Study: Letters of recommendation may hinder female faculty hopefuls

BY SAM LANE | NOVEMBER 18, 2010 7:20 AM

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When people call Asabi Dean's name in a waiting room, they have to look around to see whom they've called.

Dean, a fourth-year doctoral student at the University of Iowa, classifies her name as unisex — and she said she's never had problems with letters of recommendation for the faculty positions she's seeking.

A recent study from Rice University appeared to show that those letters of recommendations may be a hinderance to women trying to gain faculty positions.

The study found letter writers tend to use more communal terms, such as "affectionate," "helpful," and "sympathetic" when referring to female applicants and used agentic terms such as "confident," "aggressive," and "ambitious" when talking about male candidates.

Test subjects were asked to rate the letters on whether they'd hire the candidate. Randi Martin, one of the researchers, said the readers gave negative weight to letters with the communal terms.

Dean, a 35-year-old Chicago native, said she thinks letter writers will see the study and review their letters to make sure they're basing it on specific qualities, not personality traits.

"I don't think it's relevant," Dean said. "Who wants to know if I'm being affectionate if I'm going for an academic job?"

Rebecca Anthony, the director of the Educational Placement Office in the UI's College of Education, said that in the thousands of letters she's read, has never noticed stronger language on letters about men.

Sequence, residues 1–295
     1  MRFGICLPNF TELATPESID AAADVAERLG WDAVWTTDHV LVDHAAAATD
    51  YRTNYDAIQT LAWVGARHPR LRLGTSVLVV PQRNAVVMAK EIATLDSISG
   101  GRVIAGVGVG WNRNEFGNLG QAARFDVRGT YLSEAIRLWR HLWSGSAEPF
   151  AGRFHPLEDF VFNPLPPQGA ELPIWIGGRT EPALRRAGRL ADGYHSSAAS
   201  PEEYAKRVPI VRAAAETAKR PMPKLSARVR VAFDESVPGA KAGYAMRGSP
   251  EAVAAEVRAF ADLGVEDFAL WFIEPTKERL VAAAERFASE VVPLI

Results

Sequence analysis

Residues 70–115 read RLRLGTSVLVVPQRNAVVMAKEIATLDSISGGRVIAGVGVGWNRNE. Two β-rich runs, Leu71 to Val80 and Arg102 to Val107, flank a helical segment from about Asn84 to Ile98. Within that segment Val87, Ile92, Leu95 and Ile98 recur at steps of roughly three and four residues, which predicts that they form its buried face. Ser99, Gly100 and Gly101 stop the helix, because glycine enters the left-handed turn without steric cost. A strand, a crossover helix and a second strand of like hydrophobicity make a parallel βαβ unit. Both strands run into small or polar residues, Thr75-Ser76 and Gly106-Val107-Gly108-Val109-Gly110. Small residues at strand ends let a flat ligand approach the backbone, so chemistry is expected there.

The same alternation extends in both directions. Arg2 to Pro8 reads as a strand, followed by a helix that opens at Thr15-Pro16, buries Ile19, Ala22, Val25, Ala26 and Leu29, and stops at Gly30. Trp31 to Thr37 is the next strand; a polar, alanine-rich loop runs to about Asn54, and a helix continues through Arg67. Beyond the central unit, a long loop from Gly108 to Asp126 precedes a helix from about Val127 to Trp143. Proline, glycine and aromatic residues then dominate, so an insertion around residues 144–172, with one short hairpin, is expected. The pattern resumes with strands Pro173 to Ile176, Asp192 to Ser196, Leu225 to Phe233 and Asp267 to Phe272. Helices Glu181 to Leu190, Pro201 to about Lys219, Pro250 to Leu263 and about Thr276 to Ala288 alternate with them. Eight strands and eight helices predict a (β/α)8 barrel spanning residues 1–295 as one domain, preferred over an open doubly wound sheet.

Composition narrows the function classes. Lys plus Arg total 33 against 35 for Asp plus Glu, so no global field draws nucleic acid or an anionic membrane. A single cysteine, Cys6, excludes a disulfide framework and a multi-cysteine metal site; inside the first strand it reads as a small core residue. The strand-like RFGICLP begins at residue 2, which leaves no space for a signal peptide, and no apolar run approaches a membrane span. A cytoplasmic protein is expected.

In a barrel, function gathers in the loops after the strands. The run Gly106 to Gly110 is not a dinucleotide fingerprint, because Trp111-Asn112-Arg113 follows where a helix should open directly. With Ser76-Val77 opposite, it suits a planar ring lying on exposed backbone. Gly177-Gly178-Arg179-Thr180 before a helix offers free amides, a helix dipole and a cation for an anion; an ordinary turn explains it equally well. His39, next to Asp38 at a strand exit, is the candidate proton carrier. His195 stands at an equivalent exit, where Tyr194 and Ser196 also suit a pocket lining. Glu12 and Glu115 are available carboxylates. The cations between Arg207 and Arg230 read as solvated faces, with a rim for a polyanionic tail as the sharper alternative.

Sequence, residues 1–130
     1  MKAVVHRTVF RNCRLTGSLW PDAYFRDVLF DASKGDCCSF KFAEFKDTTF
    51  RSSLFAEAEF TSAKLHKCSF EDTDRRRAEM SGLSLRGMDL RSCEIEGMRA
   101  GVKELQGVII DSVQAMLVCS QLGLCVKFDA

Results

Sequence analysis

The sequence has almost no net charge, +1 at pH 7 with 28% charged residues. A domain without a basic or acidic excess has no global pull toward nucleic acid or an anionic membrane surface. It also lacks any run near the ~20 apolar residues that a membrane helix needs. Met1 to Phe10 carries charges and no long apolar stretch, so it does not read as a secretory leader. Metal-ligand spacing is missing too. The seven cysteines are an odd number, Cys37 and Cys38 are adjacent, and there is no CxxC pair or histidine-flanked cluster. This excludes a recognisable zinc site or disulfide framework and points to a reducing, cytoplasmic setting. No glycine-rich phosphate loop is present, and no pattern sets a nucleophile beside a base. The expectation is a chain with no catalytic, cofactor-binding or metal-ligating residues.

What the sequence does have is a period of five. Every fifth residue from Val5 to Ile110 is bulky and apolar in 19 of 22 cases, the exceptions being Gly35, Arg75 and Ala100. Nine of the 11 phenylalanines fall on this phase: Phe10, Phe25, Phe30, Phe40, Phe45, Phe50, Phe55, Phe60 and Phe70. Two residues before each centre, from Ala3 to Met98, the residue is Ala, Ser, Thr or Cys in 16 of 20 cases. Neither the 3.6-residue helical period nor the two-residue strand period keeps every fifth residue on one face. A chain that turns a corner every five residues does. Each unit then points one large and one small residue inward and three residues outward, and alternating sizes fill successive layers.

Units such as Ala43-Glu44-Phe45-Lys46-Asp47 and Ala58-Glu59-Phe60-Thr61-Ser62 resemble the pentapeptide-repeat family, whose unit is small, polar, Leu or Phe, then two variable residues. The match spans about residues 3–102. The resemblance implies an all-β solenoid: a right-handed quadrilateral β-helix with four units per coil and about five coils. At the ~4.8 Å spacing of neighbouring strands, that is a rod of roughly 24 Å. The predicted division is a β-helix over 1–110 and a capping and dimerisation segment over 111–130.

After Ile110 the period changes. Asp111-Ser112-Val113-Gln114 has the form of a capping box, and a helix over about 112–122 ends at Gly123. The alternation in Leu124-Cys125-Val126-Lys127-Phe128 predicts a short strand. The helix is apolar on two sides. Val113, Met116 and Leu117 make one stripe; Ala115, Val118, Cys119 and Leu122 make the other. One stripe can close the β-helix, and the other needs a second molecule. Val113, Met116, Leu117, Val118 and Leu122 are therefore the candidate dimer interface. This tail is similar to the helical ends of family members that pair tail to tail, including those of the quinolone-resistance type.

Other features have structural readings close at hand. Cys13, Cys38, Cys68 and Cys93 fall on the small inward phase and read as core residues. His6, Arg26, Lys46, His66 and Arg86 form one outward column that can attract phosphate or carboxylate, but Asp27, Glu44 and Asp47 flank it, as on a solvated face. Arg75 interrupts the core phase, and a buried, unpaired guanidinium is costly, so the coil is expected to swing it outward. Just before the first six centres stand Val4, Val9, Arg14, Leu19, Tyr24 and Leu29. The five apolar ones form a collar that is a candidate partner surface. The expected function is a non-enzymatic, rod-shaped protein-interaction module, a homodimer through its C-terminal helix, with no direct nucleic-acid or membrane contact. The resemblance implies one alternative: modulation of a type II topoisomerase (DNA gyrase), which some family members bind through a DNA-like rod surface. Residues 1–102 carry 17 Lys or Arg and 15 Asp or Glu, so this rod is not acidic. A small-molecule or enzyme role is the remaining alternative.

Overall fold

She said she doesn't think women should change anything about their professional style to cause a letter writer to change her or his wording.

"I think it would be a mistake," she said, and today, applicants will not get a call for an interview with a school if they don't have letters of recommendations.

With the study, Martin said she hopes letter writers will think about the terms they use in the recommendations they write.

At the UI, applicants for faculty positions are typically required to submit letters of recommendation, a résumé, and some sort of teaching evaluation.

Tom Rice, the UI associate provost for faculty, said the university's letter readers have been especially thoughtul in reviewing materals from minorities and women and it's improving.

This year, more than 35 percent of UI professors are women. Four years ago, that number was barely above 31.

Rice said the UI Office of Equal Opportunity and Diversity reviews materials from women and minority applicants who weren't brought to the interview process and ocassionally asks interviewers to justify their decision.

Michelle Hebl, one of the Rice professors involved in the study, said many universities have search training, which teaches readers and interviewers what to look for and ask about when reviewing candidates.

But Hebl said everyone's guilty of stereotyping.

"Do I think remediation is possible?" she said. "It's really critical the results get out first."

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